What to Do About Asbestos

Updated: Mar 22

By Jason Allred CPI® January 11 2021

What happens when your Home Inspector has just informed you they found material "suspect" of asbestos?

An Inspector's guide to understanding asbestos, keeping calm, and remain proactive to keep yourself and others safe.

So you found your ideal home, it was recently remodeled, and you think the inspection is going to be a breeze. When you scan through the report, your inspector notifies you about "Suspect Asbestos Materials!" Don't let your hopes sink, asbestos is something to be concerned about, but with the proper guidance it can be managed.

The first thing you need to understand is that asbestos has been used since antiquity. The Egyptians used it to shroud the deceased pharaohs. Greeks and Romans used it in pottery to make them fire resistant, also it was used during cremation ceremonies in order to contain the remains. It was used by King Charlemagne as a fire proof table cloth. In Palestine during the first crusade it was particularly helpful in containing the flaming pitch that was hurled by trebuchets during siege warfare.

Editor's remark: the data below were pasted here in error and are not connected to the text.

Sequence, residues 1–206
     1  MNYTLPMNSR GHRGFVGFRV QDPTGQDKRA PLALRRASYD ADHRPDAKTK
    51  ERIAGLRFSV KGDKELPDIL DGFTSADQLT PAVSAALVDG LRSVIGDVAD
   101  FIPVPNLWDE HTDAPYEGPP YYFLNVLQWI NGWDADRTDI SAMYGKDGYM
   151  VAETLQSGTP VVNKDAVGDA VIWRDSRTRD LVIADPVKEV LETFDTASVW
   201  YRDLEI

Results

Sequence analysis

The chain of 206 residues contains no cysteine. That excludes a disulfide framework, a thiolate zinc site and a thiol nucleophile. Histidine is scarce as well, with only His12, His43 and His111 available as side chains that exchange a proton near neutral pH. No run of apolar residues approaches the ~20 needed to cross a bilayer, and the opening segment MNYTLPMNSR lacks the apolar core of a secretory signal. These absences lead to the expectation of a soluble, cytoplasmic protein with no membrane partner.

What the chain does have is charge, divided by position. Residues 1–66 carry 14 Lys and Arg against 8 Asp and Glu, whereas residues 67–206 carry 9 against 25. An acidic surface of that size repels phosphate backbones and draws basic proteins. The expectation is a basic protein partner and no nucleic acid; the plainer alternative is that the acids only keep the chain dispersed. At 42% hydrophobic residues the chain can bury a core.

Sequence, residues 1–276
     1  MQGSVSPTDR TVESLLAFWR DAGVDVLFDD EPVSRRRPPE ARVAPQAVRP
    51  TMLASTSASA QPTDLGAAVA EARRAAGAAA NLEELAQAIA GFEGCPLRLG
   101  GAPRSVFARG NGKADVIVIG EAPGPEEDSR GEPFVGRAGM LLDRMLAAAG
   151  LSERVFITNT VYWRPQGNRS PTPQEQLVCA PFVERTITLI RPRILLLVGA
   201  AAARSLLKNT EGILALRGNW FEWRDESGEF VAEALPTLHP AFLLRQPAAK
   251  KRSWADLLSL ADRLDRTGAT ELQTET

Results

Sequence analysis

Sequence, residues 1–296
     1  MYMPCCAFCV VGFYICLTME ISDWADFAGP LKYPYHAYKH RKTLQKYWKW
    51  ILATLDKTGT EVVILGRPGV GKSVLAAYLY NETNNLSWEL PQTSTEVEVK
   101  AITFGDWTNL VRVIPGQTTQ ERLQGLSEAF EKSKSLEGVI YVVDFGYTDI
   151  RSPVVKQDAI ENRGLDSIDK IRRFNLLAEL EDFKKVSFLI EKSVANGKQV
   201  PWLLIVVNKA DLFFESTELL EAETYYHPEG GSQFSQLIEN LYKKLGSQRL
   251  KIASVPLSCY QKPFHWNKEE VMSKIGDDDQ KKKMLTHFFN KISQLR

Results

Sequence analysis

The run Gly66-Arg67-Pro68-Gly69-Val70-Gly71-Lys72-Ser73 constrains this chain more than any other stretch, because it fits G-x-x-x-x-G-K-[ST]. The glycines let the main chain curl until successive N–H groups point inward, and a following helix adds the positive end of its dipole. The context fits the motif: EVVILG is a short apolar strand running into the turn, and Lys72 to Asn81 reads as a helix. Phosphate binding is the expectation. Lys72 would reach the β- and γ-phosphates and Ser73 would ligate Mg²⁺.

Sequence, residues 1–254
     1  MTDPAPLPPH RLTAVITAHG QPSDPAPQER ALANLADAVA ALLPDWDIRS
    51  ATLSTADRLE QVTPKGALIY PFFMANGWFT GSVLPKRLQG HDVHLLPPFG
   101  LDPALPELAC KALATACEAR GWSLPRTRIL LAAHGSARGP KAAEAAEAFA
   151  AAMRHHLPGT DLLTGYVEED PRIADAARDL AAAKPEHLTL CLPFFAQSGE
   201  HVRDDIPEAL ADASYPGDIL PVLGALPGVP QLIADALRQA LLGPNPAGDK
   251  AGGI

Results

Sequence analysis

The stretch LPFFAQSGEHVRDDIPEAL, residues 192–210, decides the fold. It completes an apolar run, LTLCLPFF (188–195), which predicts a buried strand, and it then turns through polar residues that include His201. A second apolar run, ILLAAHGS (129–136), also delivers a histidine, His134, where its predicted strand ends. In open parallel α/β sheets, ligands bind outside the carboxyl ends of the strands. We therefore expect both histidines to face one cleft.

It has been mentioned, purchased and used by history's notables such as; Greek philosophers, explorers such as Marco Polo, kings, warriors, leaders like Peter the Great, and even American founding father, Benjamin Franklin. (

Yet even then observations were made, that craftsman who worked with the fiber and the slaves that mined it, were susceptible to what the ancients referred to as the "sickness of the lungs."

“The asbestos problem impacts everyone.”
John Engler 46th Governor Michigan State

What to Know

Asbestos in the modern era can be found in many applications; texture, joint compound, duct wrapping, furnace/boiler insulation, propane tanks, shingles, siding, mastic/adhesives, some tiles, some vinyl flooring, insulation, and electrical sheathing--to name a few. Although, it is highly unreasonable to assume that it is in everything, just because a house is old, you should be aware of its presence in your home. A valuable home inspector will be able to identify obvious materials that are suspect to contain asbestos, but even then many of the materials have no easy identification.